This paper offers an analytical representation for evaluating optimal investment decisions associated to a feed-in tariff (FIT) contract with a minimum price guarantee (i.e., a price-floor regime) under the constant elasticity of variance (CEV) model. The proposed analytic solutions can be used to optimally design FIT contractual schemes with both perpetual and finite maturity guarantees. We show that the argument that a perpetual guarantee only induces investment for prices below the price floor when offering a risk-free investment opportunity is still valid under the CEV process. We also demonstrate that the optimal price-floor level triggering immediate investment in the presence of a perpetual guarantee is independent of the elasticity parameter of the CEV model. By contrast, we show that such independence is not valid any more in the case of FIT contracts with a finite maturity guarantee. Our results provide evidence that care must be taken when a policy-maker aims to design a given instrument to induce investment decisions with FIT contracts because the differences between trigger points under alternative modeling assumptions are quite significant and the excessive rents are usually paid at the expense of tax payers.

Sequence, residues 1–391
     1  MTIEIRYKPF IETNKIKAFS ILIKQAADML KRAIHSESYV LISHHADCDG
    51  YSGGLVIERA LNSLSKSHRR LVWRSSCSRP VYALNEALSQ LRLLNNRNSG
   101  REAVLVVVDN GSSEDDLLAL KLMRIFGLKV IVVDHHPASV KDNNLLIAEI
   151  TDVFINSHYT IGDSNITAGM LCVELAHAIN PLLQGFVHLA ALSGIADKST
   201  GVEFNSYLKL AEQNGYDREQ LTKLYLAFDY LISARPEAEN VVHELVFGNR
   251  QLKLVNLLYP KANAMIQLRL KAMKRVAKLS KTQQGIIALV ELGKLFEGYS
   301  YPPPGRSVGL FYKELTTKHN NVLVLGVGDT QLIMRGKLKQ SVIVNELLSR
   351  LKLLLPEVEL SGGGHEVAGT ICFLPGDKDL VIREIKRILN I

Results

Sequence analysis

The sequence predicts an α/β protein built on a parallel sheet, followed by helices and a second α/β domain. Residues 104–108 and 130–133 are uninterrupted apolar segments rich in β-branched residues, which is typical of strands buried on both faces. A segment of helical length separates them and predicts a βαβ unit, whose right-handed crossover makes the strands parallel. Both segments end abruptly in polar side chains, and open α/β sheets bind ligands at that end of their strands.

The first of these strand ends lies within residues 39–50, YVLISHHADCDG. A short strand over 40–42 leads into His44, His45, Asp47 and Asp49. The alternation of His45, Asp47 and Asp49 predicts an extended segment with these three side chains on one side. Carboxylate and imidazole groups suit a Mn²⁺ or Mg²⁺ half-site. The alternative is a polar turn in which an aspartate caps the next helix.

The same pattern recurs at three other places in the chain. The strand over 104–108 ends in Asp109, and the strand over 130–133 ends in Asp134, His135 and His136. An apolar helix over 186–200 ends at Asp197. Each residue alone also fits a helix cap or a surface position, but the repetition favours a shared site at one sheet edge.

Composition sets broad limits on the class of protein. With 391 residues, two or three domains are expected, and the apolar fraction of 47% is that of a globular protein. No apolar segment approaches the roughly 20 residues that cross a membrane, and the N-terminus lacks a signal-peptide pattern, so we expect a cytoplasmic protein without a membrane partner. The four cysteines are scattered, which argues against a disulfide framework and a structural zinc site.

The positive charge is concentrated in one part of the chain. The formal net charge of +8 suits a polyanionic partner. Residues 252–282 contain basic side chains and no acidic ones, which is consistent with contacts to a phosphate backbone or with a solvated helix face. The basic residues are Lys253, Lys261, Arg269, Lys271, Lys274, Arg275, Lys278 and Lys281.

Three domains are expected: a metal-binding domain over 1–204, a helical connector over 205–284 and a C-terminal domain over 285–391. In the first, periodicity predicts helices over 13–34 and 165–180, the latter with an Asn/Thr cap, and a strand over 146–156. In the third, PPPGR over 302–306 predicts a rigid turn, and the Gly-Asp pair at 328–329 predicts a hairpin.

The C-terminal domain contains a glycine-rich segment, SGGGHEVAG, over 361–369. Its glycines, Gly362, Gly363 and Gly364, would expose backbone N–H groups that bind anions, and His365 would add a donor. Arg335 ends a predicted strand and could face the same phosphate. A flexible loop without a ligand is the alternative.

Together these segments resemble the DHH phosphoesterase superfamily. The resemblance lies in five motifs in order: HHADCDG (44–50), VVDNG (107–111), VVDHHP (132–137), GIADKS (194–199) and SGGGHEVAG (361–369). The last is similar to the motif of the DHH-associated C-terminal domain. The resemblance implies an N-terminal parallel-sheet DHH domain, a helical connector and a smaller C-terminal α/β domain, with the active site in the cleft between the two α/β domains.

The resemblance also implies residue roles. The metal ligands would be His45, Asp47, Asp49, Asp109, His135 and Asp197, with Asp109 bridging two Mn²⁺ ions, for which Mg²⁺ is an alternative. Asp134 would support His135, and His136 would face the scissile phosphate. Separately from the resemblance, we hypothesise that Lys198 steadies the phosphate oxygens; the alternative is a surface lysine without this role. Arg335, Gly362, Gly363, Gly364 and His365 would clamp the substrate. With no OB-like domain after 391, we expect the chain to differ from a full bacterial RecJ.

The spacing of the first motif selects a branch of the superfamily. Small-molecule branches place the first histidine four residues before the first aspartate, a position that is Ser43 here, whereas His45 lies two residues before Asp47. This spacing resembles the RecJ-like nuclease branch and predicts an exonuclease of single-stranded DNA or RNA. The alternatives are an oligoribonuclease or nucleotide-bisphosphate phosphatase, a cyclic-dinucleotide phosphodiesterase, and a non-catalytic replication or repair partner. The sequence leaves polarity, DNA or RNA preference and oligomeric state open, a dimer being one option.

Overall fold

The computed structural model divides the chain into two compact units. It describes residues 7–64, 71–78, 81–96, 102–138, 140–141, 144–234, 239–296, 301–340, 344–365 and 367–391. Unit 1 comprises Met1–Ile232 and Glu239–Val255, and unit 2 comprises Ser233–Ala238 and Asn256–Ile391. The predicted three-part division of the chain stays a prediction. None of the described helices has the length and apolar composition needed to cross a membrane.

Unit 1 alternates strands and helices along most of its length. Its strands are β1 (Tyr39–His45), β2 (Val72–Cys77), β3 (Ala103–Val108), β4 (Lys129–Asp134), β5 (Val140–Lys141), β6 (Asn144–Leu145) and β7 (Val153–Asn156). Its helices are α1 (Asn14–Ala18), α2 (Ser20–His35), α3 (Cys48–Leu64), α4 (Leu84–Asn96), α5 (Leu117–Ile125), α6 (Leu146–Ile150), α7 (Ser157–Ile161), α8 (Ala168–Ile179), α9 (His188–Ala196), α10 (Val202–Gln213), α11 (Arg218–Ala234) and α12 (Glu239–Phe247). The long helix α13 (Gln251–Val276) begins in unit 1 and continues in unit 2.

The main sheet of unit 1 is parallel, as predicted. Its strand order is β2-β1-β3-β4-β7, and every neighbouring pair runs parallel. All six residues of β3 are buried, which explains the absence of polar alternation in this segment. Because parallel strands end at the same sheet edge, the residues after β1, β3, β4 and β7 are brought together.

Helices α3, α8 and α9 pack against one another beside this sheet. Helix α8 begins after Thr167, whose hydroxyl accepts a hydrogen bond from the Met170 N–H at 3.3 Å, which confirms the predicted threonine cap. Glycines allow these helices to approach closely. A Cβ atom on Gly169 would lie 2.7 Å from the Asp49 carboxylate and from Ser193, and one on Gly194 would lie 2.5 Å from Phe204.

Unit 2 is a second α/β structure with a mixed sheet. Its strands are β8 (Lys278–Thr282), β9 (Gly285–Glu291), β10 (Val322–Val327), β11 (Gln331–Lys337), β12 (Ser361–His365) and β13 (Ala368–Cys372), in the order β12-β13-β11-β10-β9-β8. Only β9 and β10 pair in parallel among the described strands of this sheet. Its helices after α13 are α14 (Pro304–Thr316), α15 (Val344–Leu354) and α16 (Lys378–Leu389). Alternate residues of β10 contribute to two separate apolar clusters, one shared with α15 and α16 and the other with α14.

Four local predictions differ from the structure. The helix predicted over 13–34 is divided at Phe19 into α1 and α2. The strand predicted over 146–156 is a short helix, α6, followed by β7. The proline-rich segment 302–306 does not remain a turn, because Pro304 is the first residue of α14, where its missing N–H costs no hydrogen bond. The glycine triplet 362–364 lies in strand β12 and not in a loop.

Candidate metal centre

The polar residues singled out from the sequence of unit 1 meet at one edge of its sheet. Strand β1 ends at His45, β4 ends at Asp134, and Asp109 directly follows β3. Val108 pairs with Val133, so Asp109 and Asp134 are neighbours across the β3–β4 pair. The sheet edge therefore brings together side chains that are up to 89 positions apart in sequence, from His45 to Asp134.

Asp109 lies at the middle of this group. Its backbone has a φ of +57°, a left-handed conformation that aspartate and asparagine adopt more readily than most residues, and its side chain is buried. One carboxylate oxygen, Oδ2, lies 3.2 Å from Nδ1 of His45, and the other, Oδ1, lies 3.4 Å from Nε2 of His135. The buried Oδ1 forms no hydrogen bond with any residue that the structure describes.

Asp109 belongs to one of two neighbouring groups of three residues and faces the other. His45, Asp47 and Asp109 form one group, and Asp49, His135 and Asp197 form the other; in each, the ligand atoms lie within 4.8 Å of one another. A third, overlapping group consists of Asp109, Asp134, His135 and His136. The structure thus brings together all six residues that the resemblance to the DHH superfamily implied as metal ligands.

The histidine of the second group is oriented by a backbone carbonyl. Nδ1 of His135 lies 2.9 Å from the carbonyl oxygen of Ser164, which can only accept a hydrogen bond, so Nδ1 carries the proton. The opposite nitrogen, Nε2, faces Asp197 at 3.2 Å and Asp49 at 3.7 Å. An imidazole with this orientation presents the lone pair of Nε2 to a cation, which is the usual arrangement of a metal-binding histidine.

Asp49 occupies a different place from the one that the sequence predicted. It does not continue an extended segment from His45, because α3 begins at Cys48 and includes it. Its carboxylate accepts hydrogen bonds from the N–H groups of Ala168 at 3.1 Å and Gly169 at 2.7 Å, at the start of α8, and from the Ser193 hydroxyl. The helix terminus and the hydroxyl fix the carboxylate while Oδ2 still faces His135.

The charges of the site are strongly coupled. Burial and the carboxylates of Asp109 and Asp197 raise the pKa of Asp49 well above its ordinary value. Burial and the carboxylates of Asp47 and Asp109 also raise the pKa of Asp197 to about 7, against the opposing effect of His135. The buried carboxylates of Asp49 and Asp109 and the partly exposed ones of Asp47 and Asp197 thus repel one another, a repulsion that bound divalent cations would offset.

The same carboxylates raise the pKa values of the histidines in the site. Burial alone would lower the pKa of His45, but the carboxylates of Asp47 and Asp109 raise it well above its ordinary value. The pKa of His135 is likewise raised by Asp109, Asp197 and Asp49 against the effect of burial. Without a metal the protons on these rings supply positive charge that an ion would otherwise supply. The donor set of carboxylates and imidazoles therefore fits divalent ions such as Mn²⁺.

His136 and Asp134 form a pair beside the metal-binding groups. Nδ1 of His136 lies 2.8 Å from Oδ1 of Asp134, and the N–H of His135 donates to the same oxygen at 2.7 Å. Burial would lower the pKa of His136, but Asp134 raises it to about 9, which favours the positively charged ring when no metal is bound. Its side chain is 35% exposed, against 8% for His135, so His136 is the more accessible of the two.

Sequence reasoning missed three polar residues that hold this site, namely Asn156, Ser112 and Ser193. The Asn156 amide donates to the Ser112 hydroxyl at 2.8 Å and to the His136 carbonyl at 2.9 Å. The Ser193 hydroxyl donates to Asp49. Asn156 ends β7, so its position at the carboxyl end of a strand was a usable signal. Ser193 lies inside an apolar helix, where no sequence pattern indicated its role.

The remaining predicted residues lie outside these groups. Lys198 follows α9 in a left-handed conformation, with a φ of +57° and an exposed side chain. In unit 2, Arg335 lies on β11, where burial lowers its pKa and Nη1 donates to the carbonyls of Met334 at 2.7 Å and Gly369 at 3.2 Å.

Nick Huberts, University of York, United Kingdom
Herbert Dawid, Bielefeld University, Germany
Peter Kort, Tilburg University, Netherlands
Discussant: Nicos Koussis, Frederick University
This paper considers the problem of a monopolist that can invest in R&D to improve the quality of a smart product (e.g., AVs). A higher quality directly results in a lower frequency of incidents caused by the AVs. The R&D process is uncertain both in terms of duration and outcome. In addition, the firm holds two (nested) options: the option to launch the product on the market and the option to update the product after launch. The firm chooses not only the timing to exercise its options, it also chooses its R&D intensity and production capacity size. We analyze the problem of the firm as well as the impact of measures by a regulator. In particular, we are interested in the impact of the option to update, and safety regulation, on the firm's R&D and investment strategy as well as the impact on the accident rate.
Elettra Agliardi, University of Bologna, Italy
Marios Charalambides, Frederick University, Cyprus
Md Shahedur R. Chowdhury, Arkansas Tech University, United States
Nicos Koussis, Frederick University, Cyprus
Discussant: José Carlos Dias, Iscte - Instituto Universitário de Lisboa and Business Research Unit (BRU-IUL)